War, Disaster and Data, Oct 5
The humanitarian response landscape is changing rapidly. Many active conflict zones are now in middle-income countries and these conflicts are spilling over to neighboring regions. In order to target diminishing resources and facilitate humanitarian responder coordination it is imperative that innovative approaches are used. The integration of technology and humanitarian aid is in its infancy but represents a potential paradigm to a data-driven response model from the old, anecdotal one. This presentation… [read more]
Human Rights Challenge in Indonesia, Oct 5
Nation Behind Bars: U.S. Prisons and Human Rights, Oct 8
A report on the human rights crisis facing U.S. prisons today by Human Rights Watch’s Jamie Fellner and Alison Parker
Global Health Seminar: Dr. Jamie Eliades, Malaria Cares, PATH, Oct 12
Dr. Eliades is an emergency medicine physician, epidemiologist, and assistant professor at Columbia’s Mailman School of Public Health where he focuses on child survival. He completed his Master of Public Health at Johns Hopkins with a focus on refugee health and health systems development in conflict/post-conflict settings, working with several INGOs and UN agencies. He joined the Epidemic Intelligence Service (EIS) with the U.S. Centers for Disease Control and Prevention in the Division of Parasitic… [read more]
Do You Have a Plan for Saving the World? Ben Ferencz Does, Oct 13
What if your first criminal trial was at Nuremberg? At the age of 27, Benjamin Ferencz became Chief Prosecutor for the United States in The Einsatzgruppen Case. Now 96, he is the sole surviving Nuremberg war crimes prosecutor. He has spent his entire career working to create an effective legal response to the illegal use of armed force. He was one of the leading figures in the creation of the International Criminal Court in 1998, and continues to advocate for justice and accountability. Please join… [read more]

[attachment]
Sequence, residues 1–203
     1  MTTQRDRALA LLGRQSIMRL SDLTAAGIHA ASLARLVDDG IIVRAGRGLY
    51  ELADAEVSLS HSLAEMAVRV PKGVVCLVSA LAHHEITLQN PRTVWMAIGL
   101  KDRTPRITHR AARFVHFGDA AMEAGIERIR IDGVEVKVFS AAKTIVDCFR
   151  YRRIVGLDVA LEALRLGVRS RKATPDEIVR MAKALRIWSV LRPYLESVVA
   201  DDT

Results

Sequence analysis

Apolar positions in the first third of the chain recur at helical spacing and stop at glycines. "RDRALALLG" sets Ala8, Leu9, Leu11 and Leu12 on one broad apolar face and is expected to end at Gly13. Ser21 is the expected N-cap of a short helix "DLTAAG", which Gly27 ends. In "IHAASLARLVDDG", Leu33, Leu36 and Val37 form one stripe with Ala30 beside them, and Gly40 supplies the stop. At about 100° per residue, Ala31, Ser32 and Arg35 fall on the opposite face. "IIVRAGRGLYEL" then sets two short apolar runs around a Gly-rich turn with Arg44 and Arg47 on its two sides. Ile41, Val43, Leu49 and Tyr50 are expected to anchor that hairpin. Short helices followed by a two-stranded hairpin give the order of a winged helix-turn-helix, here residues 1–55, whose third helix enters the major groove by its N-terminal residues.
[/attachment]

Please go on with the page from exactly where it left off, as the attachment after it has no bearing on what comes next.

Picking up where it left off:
The Life Cycle of the Problem, Oct 21
Kicking off a year-long human rights series on California prisons, a dynamic panel will talk about critical issues related to mass incarceration, including race and poverty, the school-to-prison pipeline, solitary confinement, and mental health. The panel features Jonathan Simon, UC Berkeley Professor of Law and author of Mass Incarceration on Trial; Keramet Reiter, UC Irvine Professor of Law and Society and co-author of Extreme Punishment; Hernán Reyes, former Medical Coordinator, Health in Detention… [read more]
(In)Justice System, Oct 21
The first event in the series is scheduled for today, October 21 at 4:30PM. The panel discussion, “The Lifecycle of the Problem,” will feature Keramet Reiter, Assistant Professor of Criminology, Law & Society and Law at the School of Social Ecology at UC Irvine; Hernán Reyes, former medical coordinator for Health in Prisons for the International Committee of the Red Cross (ICRC); and Jonathan Simon, Adrian A. Kragen Professor of Law and Director of UC Berkeley’s Center for the Study of Law and… [read more]
Landmines as Punishment: New Frontiers of Khmer Rouge Power in Pailin, Nov 5